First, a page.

But, if you listen to some elite guys, like Balaji, they are all about starting startups, not being part of the herd, identifying new opportunities, not listening to the man, etc. If you are like me, you’ve absorbed a set of ideas that can go by various names, but I’ll call the ideas “anti-institutional” because I don’t know what other term to use. The anti-institutional mindset tells us that schools are factories for drones, that big companies are sclerotic and need to be disrupted, that most people are leading lives of regimented tedium, that freedom is good, that innovation can and should be applied everywhere, that the mainstream narrative is wrong, etc. The Thiel Fellowship is an instantiation of these ideas. The anti-institutional ideas are not wrong, not entirely, and they have some truth in them, but they have some danger in them too. They work best for creative, high IQ, high capability people, and less well for people towards the middle of many character trait distributions.
Elite guys are often right about doing things differently than they’ve been done previously, as a source of growth, innovation, and change. Often, the rules can be bent, or broken. A rule might be something like “companies should make more money than they spend.” This rule is simple and intuitive and, over a long-enough period of time, correct. In ye olden days, some companies would take bank loans for startup costs, but banks are conservative and usually want to get paid back relatively quickly. Smart people eventually realized that one could fund companies without banks, and thus early venture capital firms like Davis & Rock “broke the rules” of company finance. In startup companies, it’s possible in some circumstances to go for long periods of time without making money; Facebook is an example of this, since it took somewhere between six and maybe as many as ten years after its founding to show that it would really really make money.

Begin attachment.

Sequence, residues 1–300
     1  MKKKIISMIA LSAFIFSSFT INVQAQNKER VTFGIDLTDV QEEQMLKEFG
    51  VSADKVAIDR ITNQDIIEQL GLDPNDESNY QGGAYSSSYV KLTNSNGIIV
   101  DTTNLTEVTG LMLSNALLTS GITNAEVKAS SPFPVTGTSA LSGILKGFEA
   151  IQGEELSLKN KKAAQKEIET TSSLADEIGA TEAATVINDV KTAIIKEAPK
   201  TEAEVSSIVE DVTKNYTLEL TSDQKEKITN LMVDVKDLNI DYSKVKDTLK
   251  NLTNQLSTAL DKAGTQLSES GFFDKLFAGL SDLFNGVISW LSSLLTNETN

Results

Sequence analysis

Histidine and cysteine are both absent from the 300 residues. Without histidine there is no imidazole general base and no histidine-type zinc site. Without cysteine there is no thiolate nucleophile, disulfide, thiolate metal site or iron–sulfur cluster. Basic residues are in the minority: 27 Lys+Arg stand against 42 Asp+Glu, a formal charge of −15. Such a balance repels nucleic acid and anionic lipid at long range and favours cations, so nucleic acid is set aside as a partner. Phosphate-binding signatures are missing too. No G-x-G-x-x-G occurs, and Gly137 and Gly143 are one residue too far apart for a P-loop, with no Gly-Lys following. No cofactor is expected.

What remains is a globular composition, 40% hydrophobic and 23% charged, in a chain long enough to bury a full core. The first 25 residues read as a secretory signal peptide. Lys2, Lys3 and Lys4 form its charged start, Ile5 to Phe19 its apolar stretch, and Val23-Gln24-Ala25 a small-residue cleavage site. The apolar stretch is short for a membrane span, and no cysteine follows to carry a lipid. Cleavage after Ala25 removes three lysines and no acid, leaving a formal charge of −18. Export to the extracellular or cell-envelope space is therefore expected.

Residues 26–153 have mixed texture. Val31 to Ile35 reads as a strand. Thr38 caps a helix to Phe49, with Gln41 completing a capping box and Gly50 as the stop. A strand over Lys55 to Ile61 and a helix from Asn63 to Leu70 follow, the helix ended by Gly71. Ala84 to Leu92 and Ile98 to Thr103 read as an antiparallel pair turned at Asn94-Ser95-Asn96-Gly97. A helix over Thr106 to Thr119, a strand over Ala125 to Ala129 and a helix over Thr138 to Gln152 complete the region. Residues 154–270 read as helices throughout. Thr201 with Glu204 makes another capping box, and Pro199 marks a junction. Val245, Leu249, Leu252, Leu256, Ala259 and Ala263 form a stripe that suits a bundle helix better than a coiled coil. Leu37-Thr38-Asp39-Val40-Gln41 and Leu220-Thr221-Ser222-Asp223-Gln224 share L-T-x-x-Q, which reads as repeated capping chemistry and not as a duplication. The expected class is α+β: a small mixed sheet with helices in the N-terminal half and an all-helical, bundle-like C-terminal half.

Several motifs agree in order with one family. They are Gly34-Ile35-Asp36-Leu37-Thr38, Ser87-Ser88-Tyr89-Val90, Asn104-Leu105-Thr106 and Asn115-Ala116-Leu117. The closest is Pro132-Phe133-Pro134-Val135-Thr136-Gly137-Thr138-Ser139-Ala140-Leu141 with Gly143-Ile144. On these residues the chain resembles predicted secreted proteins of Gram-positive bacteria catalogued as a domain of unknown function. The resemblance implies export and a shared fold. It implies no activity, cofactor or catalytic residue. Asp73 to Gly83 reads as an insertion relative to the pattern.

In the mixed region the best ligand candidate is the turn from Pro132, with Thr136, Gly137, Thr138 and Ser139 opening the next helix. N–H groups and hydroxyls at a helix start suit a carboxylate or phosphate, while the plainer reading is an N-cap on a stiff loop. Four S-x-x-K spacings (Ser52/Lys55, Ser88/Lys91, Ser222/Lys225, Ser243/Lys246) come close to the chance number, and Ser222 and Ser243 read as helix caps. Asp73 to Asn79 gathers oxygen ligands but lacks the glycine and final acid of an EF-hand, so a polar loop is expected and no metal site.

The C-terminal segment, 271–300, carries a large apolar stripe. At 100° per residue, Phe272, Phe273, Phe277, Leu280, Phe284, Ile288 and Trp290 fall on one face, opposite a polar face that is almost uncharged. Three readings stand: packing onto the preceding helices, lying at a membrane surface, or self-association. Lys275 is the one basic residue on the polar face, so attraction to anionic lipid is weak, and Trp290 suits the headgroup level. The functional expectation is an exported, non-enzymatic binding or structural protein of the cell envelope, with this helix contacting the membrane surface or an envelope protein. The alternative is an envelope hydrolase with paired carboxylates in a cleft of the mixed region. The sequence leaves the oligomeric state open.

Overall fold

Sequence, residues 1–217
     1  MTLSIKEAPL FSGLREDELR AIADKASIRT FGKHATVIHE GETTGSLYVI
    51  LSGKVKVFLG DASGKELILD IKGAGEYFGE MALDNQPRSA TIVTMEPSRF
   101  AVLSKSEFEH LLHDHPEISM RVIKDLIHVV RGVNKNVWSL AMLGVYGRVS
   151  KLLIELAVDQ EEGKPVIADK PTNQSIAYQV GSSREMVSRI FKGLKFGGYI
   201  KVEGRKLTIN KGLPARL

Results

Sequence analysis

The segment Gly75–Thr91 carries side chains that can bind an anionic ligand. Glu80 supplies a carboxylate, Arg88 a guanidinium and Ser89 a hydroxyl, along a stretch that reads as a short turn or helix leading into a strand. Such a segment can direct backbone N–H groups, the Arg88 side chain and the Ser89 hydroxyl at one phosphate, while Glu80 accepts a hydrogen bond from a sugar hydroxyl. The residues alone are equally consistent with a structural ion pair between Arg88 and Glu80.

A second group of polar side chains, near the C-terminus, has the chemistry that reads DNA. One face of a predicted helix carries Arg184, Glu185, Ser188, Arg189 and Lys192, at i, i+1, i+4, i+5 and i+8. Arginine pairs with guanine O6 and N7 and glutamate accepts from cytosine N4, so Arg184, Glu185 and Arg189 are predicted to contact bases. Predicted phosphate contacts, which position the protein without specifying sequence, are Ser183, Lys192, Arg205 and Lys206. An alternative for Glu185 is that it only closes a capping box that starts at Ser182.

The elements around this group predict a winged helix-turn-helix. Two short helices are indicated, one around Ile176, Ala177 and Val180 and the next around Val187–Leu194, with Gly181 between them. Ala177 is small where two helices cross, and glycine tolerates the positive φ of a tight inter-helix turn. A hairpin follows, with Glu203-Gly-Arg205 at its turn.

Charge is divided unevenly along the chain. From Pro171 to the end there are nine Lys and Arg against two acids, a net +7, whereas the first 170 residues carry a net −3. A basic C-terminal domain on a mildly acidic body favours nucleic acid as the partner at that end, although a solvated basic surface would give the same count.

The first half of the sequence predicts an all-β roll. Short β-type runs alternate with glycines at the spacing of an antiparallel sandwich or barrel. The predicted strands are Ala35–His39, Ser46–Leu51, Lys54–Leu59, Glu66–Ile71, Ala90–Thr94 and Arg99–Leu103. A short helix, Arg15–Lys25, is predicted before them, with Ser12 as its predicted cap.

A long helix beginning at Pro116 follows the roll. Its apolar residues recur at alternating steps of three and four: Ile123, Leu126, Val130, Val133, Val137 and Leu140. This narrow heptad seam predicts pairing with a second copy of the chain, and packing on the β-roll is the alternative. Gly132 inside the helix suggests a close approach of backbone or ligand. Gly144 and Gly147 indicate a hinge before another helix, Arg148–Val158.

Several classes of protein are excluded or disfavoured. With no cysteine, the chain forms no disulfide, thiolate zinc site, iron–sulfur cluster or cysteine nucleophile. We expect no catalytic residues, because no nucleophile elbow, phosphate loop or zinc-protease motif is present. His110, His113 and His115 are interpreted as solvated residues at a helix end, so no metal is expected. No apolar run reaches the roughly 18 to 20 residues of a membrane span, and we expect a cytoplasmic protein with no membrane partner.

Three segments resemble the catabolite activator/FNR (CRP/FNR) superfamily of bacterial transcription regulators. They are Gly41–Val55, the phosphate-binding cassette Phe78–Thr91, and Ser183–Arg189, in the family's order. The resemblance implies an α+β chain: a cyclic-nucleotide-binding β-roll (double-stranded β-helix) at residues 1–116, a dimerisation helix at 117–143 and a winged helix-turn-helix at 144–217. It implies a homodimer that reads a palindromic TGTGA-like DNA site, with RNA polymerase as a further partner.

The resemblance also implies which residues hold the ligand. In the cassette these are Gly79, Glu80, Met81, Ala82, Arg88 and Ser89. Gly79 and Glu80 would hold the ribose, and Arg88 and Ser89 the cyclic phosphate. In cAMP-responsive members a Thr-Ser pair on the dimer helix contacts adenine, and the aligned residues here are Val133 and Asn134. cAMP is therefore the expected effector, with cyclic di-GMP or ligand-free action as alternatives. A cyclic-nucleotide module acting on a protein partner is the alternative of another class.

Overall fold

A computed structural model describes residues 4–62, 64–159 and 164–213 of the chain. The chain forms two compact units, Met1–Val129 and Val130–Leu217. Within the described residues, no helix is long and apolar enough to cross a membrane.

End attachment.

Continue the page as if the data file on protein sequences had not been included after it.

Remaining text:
If you’re in the venture capital or startup business, you want to look for rules that you can bend or break while still succeeding. Most early VCs backed hardware startups; software startups were weird for a long time, and it arguably took until the Internet really took off in the late ’90s for software startups beyond Microsoft and a few others to make sense. VCs make their money by being contrarian. But it’s dangerous or even foolish to be contrarian all the time: if you don’t think working hard is good, you will not succeed. The contrarians almost all have a strong base of knowledge, high IQ, hard work, etc.
For the average and even above-average person, though, it is in fact a good idea to try hard at school and basically do what your teachers tell you to do. Don’t be an automaton but if your teacher is like “The assignment is due at 2:30 p.m. on Thursday,” for most people that is what you should do. Most people are not working out the ideas that will eventually become Ethereum, like Vitalik Buterin. When your manager says, “You have a shift on Thursday from 4:00 p.m. to 8 p.m.”, you should go to the shift. Huge numbers of guys can’t or won’t do this and blow off the basics, then suffer for blowing off the basics. Most of them are not blowing off the basics because they’re geniuses with better things to do… they’re doing it because they’re fools.
Girls are likely doing better than boys in school because they do what they’re told, when they’re told. Their brains mature faster. Hang out with a group of six- or ten-year-old girls, then an equivalent group of boys, and you’ll see, which is why Reeves advocates for “red-shirting” young boys. We have a school-centric society in which doing well matters. Girls are more agreeable, boys less agreeable. “Agreeableness” and conscientiousness are useful in school. Most middle-class jobs today require some school, and most of the guys who don’t do well in school aren’t rebels changing the system like famous dropout Steve Jobs. They’re guys struggling to pay the rent, struggling with life, struggling with themselves and giving in to their own demons.
Most people should also do some form of school after high school, though it should be vocational in nature for many people. To do that, however, demands basic skills like showing up on time, listening, executing instructions, etc. Henderson’s chaotic family upbringing likely denied him the ability to develop and channel those skills. He had to develop them in the Air Force. Look, I’m not a school apologist and many of the high-quality critiques are right. But the critiques are not relevant to the average guy.